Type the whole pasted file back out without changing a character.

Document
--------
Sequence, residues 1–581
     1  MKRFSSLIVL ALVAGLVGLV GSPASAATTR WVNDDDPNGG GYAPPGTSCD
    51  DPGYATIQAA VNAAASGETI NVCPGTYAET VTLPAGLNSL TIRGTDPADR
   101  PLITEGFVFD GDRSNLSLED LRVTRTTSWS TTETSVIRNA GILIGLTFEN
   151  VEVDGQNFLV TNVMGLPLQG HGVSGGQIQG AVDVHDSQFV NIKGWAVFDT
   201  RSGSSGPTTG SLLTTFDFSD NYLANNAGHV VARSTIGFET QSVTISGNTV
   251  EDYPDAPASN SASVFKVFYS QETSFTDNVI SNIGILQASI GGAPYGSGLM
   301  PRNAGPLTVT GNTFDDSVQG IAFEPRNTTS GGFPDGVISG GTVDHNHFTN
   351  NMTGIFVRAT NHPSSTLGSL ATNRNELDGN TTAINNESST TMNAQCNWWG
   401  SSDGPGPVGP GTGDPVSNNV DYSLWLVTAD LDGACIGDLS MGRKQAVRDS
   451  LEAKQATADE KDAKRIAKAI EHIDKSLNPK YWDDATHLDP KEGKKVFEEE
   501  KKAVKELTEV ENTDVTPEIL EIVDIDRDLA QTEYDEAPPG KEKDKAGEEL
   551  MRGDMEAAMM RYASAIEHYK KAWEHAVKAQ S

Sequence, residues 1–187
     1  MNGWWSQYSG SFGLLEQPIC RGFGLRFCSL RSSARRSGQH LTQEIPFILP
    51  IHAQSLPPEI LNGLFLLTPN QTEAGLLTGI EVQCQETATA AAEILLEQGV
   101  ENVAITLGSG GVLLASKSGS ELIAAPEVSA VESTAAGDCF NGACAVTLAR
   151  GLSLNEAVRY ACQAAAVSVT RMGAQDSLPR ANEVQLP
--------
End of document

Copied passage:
Sequence, residues 1–581
     1  MKRFSSLIVL ALVAGLVGLV GSPASAATTR WVNDDDPNGG GYAPPGTSCD
    51  DPGYATIQAA VNAAASGETI NVCPGTYAET VTLPAGLNSL TIRGTDPADR
   101  PLITEGFVFD GDRSNLSLED LRVTRTTSWS TTETSVIRNA GILIGLTFEN
   151  VEVDGQNFLV TNVMGLPLQG HGVSGGQIQG AVDVHDSQFV NIKGWAVFDT
   201  RSGSSGPTTG SLLTTFDFSD NYLANNAGHV VARSTIGFET QSVTISGNTV
   251  EDYPDAPASN SASVFKVFYS QETSFTDNVI SNIGILQASI GGAPYGSGLM
   301  PRNAGPLTVT GNTFDDSVQG IAFEPRNTTS GGFPDGVISG GTVDHNHFTN
   351  NMTGIFVRAT NHPSSTLGSL ATNRNELDGN TTAINNESST TMNAQCNWWG
   401  SSDGPGPVGP GTGDPVSNNV DYSLWLVTAD LDGACIGDLS MGRKQAVRDS
   451  LEAKQATADE KDAKRIAKAI EHIDKSLNPK YWDDATHLDP KEGKKVFEEE
   501  KKAVKELTEV ENTDVTPEIL EIVDIDRDLA QTEYDEAPPG KEKDKAGEEL
   551  MRGDMEAAMM RYASAIEHYK KAWEHAVKAQ S

Sequence, residues 1–187
     1  MNGWWSQYSG SFGLLEQPIC RGFGLRFCSL RSSARRSGQH LTQEIPFILP
    51  IHAQSLPPEI LNGLFLLTPN QTEAGLLTGI EVQCQETATA AAEILLEQGV
   101  ENVAITLGSG GVLLASKSGS ELIAAPEVSA VESTAAGDCF NGACAVTLAR
   151  GLSLNEAVRY ACQAAAVSVT RMGAQDSLPR ANEVQLP